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Wessex Diaries, Sketches from Life in Hardy Country

Thursday 13 October 2011, 10:16
By John Vallins

John Vallins, holding a copy of his new hardback bookIn 1992, when I retired and came back to Somerset, I was lucky enough to be asked to contribute to the Guardian's "Country Diary" column, which has a history stretching back 104 years and is thought to be the oldest daily column still running in a national newspaper. Under the editorship of Alan Rusbridger, the Diary has a place of honour on the Leader Page. I have written a fortnightly piece for almost 20 years, the topics arising from conversations, sights, and happenings in this region…mostly the Blackmore Vale area but sometimes further afield - Wiltshire or Cornwall. A good many have arisen from the life of Horsington and the Cheritons, or Bruton, where we used to live. Subjects include the pig-handling parson, a pigeon called Jeremy, cider-making and coppicing, scythes and dewponds, as well as the behaviour of a local flock of Greyface Dartmoor sheep and other local inhabitants.

James Crowden, with his imprint Flagon Press, is dedicated to the belief that 'each book is an individual work of art that should arise organically and be crafted, not mass produced. Books are to be savoured and enjoyed like an artisan Calvados or Cider Brandy'. I was delighted when he indicated that he would like to publish a selection of my pieces. We met with the designer, Andrew Crane, originally from Whitelackington, and the illustrator, Tim Millar, from Castle Cary, who is a fine sculptor in glass as well as an artist working in ink with a Japanese brush pen. We quickly arrived at a shared view of what we wanted to achieve, and from that meeting the book took shape, being printed by Butler, Tanner and Dennis, at Frome.

Alan Rusbridger has generously spared time from the great concerns of a national broadsheet newspaper to write a foreword which tells something of the Country Diary's pedigree and of the time, 'half a lifetime ago', when I was his English teacher at Cranleigh School in Surrey. That was my second job, after nine years at King's School, Bruton, and it was an interview for the Bruton job that first brought me to Somerset on a train from Paddington.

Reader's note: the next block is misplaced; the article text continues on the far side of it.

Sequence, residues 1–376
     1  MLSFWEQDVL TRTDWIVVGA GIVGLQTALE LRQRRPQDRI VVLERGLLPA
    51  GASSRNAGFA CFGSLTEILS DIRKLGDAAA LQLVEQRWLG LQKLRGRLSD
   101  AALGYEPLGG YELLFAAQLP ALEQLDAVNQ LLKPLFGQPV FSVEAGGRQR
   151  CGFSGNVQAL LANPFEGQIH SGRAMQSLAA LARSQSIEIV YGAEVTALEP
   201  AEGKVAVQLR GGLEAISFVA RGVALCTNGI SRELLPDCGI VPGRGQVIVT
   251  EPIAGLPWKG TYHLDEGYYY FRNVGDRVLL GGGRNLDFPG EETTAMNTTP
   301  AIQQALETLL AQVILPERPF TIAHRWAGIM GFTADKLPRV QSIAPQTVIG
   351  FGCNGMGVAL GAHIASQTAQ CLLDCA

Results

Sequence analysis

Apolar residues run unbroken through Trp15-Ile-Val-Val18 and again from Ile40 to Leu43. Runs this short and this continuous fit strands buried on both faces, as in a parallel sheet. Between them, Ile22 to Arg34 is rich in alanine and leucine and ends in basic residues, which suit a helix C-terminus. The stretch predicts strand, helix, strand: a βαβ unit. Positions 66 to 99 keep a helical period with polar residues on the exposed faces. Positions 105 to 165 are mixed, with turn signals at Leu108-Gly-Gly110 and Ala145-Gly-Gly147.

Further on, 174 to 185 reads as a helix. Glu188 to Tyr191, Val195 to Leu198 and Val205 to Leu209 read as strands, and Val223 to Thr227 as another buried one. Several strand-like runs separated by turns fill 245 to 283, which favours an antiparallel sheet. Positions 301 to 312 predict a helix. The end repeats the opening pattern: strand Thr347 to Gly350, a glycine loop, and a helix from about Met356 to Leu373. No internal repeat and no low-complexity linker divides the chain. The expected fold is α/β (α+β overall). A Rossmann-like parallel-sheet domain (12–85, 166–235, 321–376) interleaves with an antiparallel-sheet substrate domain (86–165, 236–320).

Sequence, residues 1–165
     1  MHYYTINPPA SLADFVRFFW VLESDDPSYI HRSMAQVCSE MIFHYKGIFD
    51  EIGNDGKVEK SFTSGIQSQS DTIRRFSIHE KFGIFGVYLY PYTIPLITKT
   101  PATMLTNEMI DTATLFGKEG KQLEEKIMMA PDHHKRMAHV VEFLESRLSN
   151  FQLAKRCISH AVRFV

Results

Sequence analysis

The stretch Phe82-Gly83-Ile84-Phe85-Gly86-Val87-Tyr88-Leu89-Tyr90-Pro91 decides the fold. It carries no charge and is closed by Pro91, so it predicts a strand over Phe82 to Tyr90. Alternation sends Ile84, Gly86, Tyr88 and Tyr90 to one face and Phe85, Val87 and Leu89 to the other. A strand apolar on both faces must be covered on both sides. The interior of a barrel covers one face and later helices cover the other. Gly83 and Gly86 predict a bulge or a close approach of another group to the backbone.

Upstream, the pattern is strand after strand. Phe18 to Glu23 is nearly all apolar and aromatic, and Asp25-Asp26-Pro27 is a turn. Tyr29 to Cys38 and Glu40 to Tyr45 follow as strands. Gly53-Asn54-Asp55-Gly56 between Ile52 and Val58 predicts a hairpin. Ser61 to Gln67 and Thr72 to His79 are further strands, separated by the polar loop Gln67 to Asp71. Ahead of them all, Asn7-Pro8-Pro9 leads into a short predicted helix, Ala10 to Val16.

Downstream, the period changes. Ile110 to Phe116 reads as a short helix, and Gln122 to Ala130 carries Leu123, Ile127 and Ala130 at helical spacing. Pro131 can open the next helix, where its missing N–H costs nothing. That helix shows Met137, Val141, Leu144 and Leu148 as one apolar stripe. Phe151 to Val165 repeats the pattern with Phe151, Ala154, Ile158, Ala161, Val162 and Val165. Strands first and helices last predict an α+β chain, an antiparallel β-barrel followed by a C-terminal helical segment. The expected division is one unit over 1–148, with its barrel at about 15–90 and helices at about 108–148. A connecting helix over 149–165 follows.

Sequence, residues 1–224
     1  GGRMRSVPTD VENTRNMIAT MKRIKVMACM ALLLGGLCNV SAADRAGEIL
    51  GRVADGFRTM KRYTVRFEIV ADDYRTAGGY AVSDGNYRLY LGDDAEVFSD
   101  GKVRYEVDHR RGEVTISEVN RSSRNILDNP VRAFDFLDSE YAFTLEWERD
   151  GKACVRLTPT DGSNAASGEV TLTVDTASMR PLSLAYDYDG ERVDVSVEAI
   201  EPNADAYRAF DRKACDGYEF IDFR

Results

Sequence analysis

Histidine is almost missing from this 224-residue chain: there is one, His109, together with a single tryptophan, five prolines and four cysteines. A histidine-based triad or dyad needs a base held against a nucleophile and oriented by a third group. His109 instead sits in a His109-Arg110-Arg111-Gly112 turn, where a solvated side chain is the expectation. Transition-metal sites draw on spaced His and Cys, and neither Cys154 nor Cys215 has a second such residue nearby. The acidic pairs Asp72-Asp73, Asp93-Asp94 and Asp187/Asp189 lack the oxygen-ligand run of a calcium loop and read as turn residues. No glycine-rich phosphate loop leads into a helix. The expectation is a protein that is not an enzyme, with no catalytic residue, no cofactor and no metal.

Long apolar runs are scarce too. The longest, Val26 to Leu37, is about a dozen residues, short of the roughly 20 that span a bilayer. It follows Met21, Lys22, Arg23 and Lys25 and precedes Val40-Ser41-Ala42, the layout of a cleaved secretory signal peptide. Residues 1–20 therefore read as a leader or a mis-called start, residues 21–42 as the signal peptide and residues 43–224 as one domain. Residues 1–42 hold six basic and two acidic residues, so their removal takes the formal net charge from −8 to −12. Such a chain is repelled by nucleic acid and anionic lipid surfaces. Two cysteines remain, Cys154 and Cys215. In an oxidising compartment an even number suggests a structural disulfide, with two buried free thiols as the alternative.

Wessex Diaries is in hardback, with 144 pages and 40 illustrations. It can be obtained (£16.95) from bookshops or from James Crowden Publishing (01460 30795 www.james-crowden.co.uk) or (signed with dedication as requested) directly from John Vallins at Creamery Cottage, Horsington, Templecombe. Somerset BA8 0EB, .

There will be a launch and signing at Bailey Hill Bookshop, Castle Cary, on Saturday 15 October from 10.00 am to 1.00pm (Cider and Keen's Cheddar Cheese) to which everyone is very welcome to attend.

"There have been some great Guardian country diarists in the history of the much-loved and read column. John Vallins is up there with the best of them." Alan Rusbridger - Editor of the Guardian

"John Vallins has a gift like that of the poet and writer Ronald Blythe for finding history and beauty, and continuing serenity, in genuine accounts of the country landscape and traditions of Wessex." Eve Keatley - Sherborne

"John Vallins's prose is wonderfully terse and evocative." Richard Watkins - Barrington




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